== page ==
Our sister company InclusIQ have been preparing e-learning for a client that looks at the the differences in how CV’s are perceived from women and ethnic minorities (if name suggests non-Anglo name) compared to men. Research has seen time and time again how much more receptive both men and women are to applications and CV’s, even research papers from male applicants. That’s why we were interested in this great article about one novelist’s experiment in sending out the same covering letter and writing sample to agents – under a ‘homme de plume’, a male name. Her astounding experience shows just how prevalent this bias remains, even when comparing the same content.
As novelist Catherine Nichols writes in her Jezebel article, ‘Homme de plume: what I learning sending my novel out under a male name’: ’I sent the six queries … Within 24 hours George had five responses—three manuscript requests and two warm rejections praising his exciting project. For contrast, under my own name (female), the same letter and pages sent 50 times had netted me a total of two manuscript requests. The responses gave me a little frisson of delight at being called “Mr.” and then I got mad. Three manuscript requests on a Saturday, not even during business hours! The judgments about my work that had seemed as solid as the walls of my house had turned out to be meaningless. My novel wasn’t the problem, it was me—Catherine. I wanted to know more of how the Georges of the world live, so I sent more. Total data: George sent out 50 queries, and had his manuscript requested 17 times. He is eight and a half times better than me at writing the same book. Fully a third of the agents who saw his query wanted to see more, where my numbers never did shift from one in 25.’
Nichols had already written a previous novel, one which was praised by her agent, but didn’t get an offer of representation – and received non-specific feedback on how she should ‘keep trying.’ As Nichols explained: ‘Being rejected is par for the writer’s course. But what chilled me was the possibility that it was not a surface problem but an astigmatism in my understanding of human nature—that I’d written something better but somehow less meaningful, that I could make nice sentences, but what I think people do is not what people do. …The problem reached into every part of my mind—not only that I had written the wrong book, but that I was the wrong person….Most of the agents only heard from one or the other of us, but I did overlap a little. One who sent me a form rejection as Catherine not only wanted to read George’s book, but instead of rejecting it asked if he could send it along to a more senior agent. Even George’s rejections were polite and warm on a level that would have meant everything to me, except that they weren’t to the real me. George’s work was “clever,” it’s “well-constructed” and “exciting.” No one mentioned his sentences being lyrical or whether his main characters were feisty (which was a common refrain given to Catherine).’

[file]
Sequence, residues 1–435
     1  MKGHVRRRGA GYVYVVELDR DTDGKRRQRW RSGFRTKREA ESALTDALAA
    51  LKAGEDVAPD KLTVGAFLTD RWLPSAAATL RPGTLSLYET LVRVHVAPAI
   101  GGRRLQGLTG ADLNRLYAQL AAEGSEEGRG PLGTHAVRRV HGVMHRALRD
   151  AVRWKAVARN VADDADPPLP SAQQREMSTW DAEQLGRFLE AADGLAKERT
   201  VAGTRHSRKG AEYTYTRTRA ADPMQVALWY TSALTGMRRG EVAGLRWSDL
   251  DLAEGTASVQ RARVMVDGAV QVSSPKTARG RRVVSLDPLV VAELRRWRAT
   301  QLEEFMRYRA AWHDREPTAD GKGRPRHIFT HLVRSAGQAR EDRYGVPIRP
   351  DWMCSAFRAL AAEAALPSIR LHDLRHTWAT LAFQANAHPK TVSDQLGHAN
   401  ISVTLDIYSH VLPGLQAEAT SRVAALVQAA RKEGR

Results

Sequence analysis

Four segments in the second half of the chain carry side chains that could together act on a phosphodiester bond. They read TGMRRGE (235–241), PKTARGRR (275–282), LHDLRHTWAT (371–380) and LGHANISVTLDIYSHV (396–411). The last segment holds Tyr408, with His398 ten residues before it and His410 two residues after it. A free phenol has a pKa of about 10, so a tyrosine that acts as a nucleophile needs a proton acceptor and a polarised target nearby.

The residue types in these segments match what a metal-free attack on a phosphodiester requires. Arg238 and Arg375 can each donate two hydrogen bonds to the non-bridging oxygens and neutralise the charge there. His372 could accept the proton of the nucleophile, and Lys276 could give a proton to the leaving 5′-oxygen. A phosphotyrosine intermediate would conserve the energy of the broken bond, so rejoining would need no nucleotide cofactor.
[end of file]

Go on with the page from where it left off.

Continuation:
Historically lots of women have published under male names, such as George Sand, in order to get published at all. However, considering women make up a majority of readers and we have great examples of successful female authors, we’d like to think we are past this in 2015. No doubt Nichols did as well. It raises the question of which writers will we never hear from and who gets overhyped.
So why focus on Nichols experience? Because as a writer she could conduct a personal ‘blind’ experiment, sending out the same exact work as both a male and female writer to see if there was any difference – and she was dismayed to see what an astounding difference it made. For women who work in an office, lab or other face to face setting, there is no possibility of this kind of controlled experiment. We simply have to give the world the benefit of the doubt and assume we are treated equally to men despite the evidence around us suggesting we are not. Instead we have to trust we are being promoted or rejected based on quality of our work; a trust it would seem based on Nichols experience may be optimistic and misplaced.